• 1952 – Amy Tan, American novelist, essayist, and short story writer

Did you know that Tan is a member of a band, “The Rock Bottom Remainders”, with other famous authors, including Stephen King, Amy Tan, Dave Barry, Mary Karr, and Scott Turow. Here’s the group discussing their work. To see a performance, go here.

Shoot me, but I do love this 1994 song by Seal, his most famous (and he wrote it):

  • 1967 – Benicio del Toro, Puerto Rican-American actor, director, and producer

Those who became corpses on February 19 include

  • 1916 – Ernst Mach, Austrian-Czech physicist and philosopher (b. 1838)
  • 1951 – André Gide, French novelist, essayist, and dramatist, Nobel Prize laureate (b. 1869)

Here’s Gide, photographed in 1924 by the ubiquitous Lady Ottoline Morrell (one of her long-time paramourse was Bertrand Russell:

  • 1952 – Knut Hamsun, Norwegian novelist, poet, and playwright, Nobel Prize laureate (b. 1859)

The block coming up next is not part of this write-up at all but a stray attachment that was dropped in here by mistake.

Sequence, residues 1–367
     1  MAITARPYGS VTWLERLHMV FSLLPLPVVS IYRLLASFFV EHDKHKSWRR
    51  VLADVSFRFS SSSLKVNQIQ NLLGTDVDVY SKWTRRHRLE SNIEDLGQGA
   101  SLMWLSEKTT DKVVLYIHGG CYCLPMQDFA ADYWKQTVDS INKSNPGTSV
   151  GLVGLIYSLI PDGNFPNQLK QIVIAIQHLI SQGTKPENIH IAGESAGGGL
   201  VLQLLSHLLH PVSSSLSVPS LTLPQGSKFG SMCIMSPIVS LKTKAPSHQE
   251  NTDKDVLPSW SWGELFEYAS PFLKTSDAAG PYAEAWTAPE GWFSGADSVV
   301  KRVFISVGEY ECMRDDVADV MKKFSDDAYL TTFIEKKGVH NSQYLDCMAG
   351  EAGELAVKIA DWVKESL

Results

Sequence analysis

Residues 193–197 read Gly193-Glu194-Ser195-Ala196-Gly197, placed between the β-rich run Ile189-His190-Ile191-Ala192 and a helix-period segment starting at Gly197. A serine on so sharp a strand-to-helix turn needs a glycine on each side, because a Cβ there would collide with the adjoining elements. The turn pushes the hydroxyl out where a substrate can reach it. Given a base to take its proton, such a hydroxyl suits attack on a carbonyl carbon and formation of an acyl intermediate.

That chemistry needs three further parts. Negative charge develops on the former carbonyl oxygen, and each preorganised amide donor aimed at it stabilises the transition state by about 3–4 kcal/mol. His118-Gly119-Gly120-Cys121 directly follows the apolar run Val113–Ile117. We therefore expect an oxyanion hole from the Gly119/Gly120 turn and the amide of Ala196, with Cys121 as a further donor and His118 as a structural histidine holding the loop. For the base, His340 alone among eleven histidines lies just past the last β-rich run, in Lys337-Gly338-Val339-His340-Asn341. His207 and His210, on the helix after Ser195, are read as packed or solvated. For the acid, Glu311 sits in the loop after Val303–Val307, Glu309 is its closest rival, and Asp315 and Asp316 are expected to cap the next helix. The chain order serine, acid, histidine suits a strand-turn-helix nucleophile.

• 2016 – Umberto Eco, Italian novelist, literary critic, and philosopher (b. 1932)
  • 2016 – Harper Lee, American author (b. 1926)

Lee wrote only one book (another posthumous one has since been published). But it won the Pulitzer Prize and is a modern classic, though people are trying to cancel it. Here she is getting the Presidential Medal of Freedom from W. in 2007.

President George W. Bush shares a moment with author Harper Lee Monday, Nov. 5, 2007, prior to presenting her with the Presidential Medal of Freedom during ceremonies in the East Room of the White House. Photo by Eric Draper, Courtesy of the George W. Bush Presidential Library and Museum

Meanwhile in Dobrzyn, Kulka’s plumping up a bit:

Kulka: The bowl behind me is empty.
Hili: Never mind, you are growing too fast anyhow.
In Polish:
Kulka: Ta miseczka za mną jest pusta.
Hili: Nie szkodzi i tak za szybko rośniesz.

Kulka and Szaron gazing out:


From reader Tom: